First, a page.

cloudy with a chance of dragons


Napthalia’s Meadow
Lantern Waste


You find yourself in a quiet, peaceful little meadow, sheltered to the west by the face of the Western Cliffs, and to the east by a particularly thick grove of trees. The grass grows tall and thick here, in clumps thick enough to make an enticing mouthful for any grazing beast. Between the trees and the cliffs, the meadow remains shaded enough to make it a nice, relaxing place to be.


A dragon with shimmering white scales and ice blue eyes is curled around a rusted kettle, its body a little smaller than a grown elephant. It is curiously snuffling the kettle and has a few dead birds by its right front paw.

Lanisen comes walking along the path from the north in the late evening, moving wearily. He doesn’t immediately register the absence of birdsong in the trees overhead, but he pauses uncertainly when he does, and takes another moment to turn the corner that brings him within sight of the meadow.

Dragon keeps trying to poke his nose instead the kettle, making soft churring noises. At the sound of foot falls in the grass it stops and lifts its head, tiny ears swiveling forward.

Lanisen takes a quick, startled half-step back, automatically crouching slightly and going very still. His eyes flit quickly over the dragon’s frame.

Dragon slowly rises. Its frame is lean and muscular, somewhat lengthy–although the beautful long tail that tapers to a rounded end may give it more length than it really is. Its hind and forequarters are similar in structure to a typical quadraped beast, ending in small and sharp claws. In the light of the evening, the white scales almost glow and shimmer with tiny hints of silver that form delicate, small patterns on its back. It has a musclar, lean neck that arches upward as it eyes the new arrival. Currently, the large wings are neatly folded against its back and look leathery in texture. It trills softly, blue eyes shimmering in the light and full of curiosity.

Lanisen takes a couple quick, short breaths and swallows. He keeps his eyes away from the dragon’s, carefully unchallenging and unthreatening in his posture, and very very still. “He–hello?” he ventures, in case. It comes out a croak.

Dragon slowly tilts its head to the side. It makes a soft clicking noise and begins to advance in a leisurely manner toward the new thing. Its step is light for such a large beast and its movement is graceful. Its pace is casual and its stance is not aggressive.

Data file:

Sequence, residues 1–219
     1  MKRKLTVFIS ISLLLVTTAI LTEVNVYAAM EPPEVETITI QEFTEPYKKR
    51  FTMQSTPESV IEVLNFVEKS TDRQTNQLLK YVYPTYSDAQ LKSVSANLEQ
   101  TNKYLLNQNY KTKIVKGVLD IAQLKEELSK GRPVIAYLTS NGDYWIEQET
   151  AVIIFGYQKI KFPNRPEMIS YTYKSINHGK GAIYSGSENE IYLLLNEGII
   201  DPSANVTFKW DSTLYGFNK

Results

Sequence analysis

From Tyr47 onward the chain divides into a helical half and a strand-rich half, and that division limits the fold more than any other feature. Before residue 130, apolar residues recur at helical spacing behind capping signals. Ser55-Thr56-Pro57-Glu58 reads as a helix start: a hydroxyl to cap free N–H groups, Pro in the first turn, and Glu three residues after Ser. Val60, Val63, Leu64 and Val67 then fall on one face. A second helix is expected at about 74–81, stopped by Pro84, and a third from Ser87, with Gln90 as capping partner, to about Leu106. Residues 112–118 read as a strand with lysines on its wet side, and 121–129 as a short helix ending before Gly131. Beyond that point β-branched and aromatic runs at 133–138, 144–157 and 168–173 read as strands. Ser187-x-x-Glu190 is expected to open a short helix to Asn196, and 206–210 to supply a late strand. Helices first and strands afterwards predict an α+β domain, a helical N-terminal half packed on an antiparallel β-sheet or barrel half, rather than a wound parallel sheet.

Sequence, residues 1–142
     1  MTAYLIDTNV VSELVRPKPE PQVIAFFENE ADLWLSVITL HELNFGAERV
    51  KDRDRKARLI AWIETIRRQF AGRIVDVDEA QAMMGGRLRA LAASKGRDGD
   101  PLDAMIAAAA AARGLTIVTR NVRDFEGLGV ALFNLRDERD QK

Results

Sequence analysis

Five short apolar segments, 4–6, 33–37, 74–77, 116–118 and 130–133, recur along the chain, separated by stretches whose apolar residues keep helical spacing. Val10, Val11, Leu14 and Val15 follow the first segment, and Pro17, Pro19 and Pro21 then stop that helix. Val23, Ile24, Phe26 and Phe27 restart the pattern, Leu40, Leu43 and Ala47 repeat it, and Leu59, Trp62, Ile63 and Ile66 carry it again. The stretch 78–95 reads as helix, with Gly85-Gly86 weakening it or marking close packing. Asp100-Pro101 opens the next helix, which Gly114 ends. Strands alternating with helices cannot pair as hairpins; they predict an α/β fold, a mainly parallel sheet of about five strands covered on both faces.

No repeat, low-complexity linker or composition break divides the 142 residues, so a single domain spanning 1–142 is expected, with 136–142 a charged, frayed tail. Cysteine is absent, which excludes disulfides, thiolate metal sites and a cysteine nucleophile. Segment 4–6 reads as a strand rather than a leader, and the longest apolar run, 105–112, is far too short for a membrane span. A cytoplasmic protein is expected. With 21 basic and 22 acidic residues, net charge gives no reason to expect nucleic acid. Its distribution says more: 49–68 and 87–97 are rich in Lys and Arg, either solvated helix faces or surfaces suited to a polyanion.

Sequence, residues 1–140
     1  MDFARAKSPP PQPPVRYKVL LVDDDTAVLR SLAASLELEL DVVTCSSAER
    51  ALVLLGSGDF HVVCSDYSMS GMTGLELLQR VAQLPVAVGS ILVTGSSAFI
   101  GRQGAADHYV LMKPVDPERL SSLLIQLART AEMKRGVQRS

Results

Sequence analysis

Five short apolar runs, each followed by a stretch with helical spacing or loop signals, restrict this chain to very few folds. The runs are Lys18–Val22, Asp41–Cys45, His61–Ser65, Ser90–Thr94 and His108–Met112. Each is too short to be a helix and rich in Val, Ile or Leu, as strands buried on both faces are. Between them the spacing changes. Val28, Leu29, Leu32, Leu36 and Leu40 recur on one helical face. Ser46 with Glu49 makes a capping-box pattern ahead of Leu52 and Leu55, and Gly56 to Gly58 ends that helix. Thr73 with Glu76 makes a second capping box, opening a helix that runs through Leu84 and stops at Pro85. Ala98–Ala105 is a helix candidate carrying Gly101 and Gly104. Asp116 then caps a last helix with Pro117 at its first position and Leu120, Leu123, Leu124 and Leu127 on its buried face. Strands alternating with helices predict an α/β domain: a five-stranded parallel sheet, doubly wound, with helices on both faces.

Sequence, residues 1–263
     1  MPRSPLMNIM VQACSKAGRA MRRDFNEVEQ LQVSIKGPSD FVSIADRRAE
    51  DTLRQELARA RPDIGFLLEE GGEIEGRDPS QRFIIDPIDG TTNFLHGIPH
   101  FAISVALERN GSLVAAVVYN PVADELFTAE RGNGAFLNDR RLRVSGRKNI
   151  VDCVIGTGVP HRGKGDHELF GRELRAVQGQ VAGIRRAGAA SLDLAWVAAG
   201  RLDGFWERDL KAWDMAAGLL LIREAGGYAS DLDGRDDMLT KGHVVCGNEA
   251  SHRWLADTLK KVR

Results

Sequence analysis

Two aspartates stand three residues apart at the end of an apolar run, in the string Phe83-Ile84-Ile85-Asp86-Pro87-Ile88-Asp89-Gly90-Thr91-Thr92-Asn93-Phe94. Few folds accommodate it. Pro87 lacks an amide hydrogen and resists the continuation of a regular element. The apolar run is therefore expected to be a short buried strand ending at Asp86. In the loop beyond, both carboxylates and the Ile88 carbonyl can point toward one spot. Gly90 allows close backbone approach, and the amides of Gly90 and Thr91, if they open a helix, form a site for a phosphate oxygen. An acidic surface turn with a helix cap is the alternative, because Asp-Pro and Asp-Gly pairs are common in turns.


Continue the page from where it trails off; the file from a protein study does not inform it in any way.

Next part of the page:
Lanisen flinches back slightly when the dragon begins to move, but doesn’t run. He keeps his empty hands where the dragon can see them, still showing not-a-threat with his body language, and only looks with his peripheral vision. There’s sweat beaded on his forehead.

Dragon slows as he approaches Lanisen. He immediately begins to sniff the new thing with interest making small chirping noises. He tilts his head as he examines the human and its tail swings behind it back and forth leisurely. It presses its snout against Lanisen’s hands curiously, as if seeking something.

Lanisen keeps statue-still, barely breathing.

Dragon draws its neck back in an almost elegant fashion and looks down at Lanisen. It gives a toothy smile, tail swishing and honks! Its backside reflects the enthusiasm of its wagging tail.

Lanisen breathes again when the dragon draws back and dares a more direct look at its face.

Dragon tilts its head to the other side, still grinning. It honks again!

Lanisen is standing very still on the edge of the meadow, his head lowered and his knees slightly bent, his arms loose at his sides with his empty hands visible, facing a dragon.

Dragon stands before Lanisen, a picture of terror and majesty. Its tail is currently swishing back and forth in the meadow grass, causing its hindquarters to move from its excitement as well. It has a mouthful of teeth and almost appears to be grinning. Two small ears are upright and it honks again, lowering its head and gently pushing against Lanisen’s torso.

Lanisen draws a shuddering breath and sort of folds, sinking down to the ground to protect his middle.

Dragon pulls back when Lanisen folds, its ears pressing back. His teeth disappear with the grin and it tilts its head to the side, giving a soft churring noise. It curiously pokes at Lanisen’s shoulder with his snout with a snuffling noise.

Applebud scampers along the branches of trees, jumping from one to another. At the sight of the dragon she pauses and stills. Crawling along quitely to get a better look.

Lanisen, crouching down, sways unsteadily at the poke and puts one hand on the ground for balance.

Dragon gives a low, guttural noise. It paws the ground with its front feet and looks back toward the kettle where a small pile of birds are. He turns in and bounds in a fluid series of movements toward the pile. Scooping up one of the birds, he practically prances back to Lanisen and drops the bird in front of him. He looks down at Lanisen curiously.

Pheeobe runs into the meadow, her head in the air, sniffing, “Lanisen! I smell something funn–” She stops, ears folding back at the sight of the dragon, “Funny.” She sqeaks out.

Lanisen takes the opportunity afforded him by the dragon’s brief distraction to straighten back up and back away a couple steps. At Pheeobe’s voice, he looks over his shoulder with wide eyes, and quickly back to the dragon. He breathes out, murmurs a soft expletive, and shifts slightly so that he’s between the dragon and Pheeobe. His posture is all but cringing, still showing the dragon that he doesn’t intend to attack. “All right,” he says, very quietly. “Stay back, stay back, it’s not doin’ anything, it doesn’t seem like it’s–” He blinks at the bird, lost, and looks back up at the dragon.